Energy bills warning as consumers could face ‘unexpectedly’ high bills

Britons are likely to see their bills rise going into the colder months of the year – but they could go up more than expected.

Energy experts at BOXT have urged consumers to note that how the Ofgem price cap work as it does not cap their total bill.

Andy Kerr, founder of BOXT, said: “However, consumers should remember that the Ofgem price cap does not set the maximum a household will pay on their energy bills and need to remain vigilant about their usage to avoid receiving an unexpectedly costly bill.

“As we head into the colder winter months, there are still concerns that consumer energy bill prices will remain concerningly high this winter.”

The Ofgem price cap fell from the start of October, with average bills for a typical household falling from £2,074 a year to £1,923 a year for those who pay for dual fuel by direct debit.

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But these figures are simply the result of a calculation based on typical usage applied to the actual cap, which is on the unit price of energy.

The regulator has now also changed what it considers to be average use – under the new metric the average household will pay £1,834 a year.

Analysts are predicting the Ofgem price cap will go up again when it is next updated in January, with BOXT forecasting average billw will rise to £1,898 a year.

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Mr Kerr said: “Whilst there are steps consumers can take to monitor their consumption, the global cost of energy is beyond their control.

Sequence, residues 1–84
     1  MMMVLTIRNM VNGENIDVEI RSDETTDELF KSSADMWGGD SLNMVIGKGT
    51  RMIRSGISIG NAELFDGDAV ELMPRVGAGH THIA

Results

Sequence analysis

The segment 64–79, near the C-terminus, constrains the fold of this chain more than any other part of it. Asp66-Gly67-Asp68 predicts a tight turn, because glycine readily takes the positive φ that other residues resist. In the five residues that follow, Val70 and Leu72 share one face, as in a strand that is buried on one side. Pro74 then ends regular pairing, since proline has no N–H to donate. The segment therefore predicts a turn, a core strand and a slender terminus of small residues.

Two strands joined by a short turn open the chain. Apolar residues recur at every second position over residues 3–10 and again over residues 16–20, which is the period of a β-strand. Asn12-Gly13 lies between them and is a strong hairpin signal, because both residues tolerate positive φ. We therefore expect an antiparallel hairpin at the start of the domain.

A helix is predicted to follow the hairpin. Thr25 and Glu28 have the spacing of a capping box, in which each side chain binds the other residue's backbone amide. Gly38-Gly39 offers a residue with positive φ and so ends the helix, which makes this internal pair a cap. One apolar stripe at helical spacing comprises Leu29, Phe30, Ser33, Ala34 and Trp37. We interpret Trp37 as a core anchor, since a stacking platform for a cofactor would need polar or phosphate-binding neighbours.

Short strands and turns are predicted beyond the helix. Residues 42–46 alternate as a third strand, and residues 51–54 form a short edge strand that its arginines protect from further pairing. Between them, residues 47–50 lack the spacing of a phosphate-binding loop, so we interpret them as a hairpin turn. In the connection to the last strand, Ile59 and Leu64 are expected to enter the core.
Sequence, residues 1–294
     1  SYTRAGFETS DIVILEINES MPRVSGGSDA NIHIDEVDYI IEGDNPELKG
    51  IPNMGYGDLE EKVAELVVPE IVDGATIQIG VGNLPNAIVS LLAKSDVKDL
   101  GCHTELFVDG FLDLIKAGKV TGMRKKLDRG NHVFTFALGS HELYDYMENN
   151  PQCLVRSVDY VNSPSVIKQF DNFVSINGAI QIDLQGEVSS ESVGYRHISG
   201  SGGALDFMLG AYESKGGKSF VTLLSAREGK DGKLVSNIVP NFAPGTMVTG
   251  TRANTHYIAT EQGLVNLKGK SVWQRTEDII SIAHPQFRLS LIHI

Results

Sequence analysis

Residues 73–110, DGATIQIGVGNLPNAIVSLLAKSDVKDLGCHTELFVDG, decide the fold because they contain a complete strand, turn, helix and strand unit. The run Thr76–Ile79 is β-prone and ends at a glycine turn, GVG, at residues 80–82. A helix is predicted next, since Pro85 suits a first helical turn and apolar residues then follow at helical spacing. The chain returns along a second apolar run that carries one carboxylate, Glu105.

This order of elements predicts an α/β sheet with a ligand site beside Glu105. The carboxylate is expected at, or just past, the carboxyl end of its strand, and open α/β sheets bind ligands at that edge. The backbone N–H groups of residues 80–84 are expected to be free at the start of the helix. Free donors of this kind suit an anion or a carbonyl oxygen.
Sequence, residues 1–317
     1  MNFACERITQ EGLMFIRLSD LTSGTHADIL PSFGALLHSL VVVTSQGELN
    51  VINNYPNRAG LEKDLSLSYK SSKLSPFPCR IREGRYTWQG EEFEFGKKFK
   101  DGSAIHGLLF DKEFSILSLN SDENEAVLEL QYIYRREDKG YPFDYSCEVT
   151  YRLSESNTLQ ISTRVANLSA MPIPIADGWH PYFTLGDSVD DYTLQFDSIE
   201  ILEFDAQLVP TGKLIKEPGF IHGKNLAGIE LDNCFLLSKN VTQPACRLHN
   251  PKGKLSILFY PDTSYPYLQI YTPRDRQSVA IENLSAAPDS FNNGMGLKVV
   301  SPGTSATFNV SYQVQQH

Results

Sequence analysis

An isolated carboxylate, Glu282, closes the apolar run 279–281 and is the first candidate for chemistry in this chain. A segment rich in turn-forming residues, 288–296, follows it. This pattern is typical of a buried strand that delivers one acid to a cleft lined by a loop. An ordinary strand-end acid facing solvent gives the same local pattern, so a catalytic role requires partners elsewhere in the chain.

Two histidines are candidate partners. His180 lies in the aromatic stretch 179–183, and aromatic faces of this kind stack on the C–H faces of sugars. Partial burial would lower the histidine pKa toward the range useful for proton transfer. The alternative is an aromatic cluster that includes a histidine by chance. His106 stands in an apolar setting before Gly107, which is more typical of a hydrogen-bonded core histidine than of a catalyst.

“Because of this, people in the UK need to start thinking about longer-term investments into improving the energy efficiency of their homes and being more self-sufficient to ensure they are not caught out by changes in unit rates.

“For this to happen the UK needs to invest effort in helping consumers make their homes more energy efficient by investing more in sustainable energy sources.”

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He also said the Government should take action to make greener energy sources more widely available to the public.

The energy expert said: “Beyond the price cap, the Government needs to work towards improving the availability and affordability of alternative energy sources such as solar panels, and alternate heating systems such as hybrid heat pumps, that are purpose-built to combine a heat pump with an oil or gas boiler, to reduce households’ energy bills in the long term.”

There were recently reports that Ofgem is looking at a one-off increase to bills, of around £17 a year, to help suppliers struggling to cope with debts. This would not be brought in until next April.

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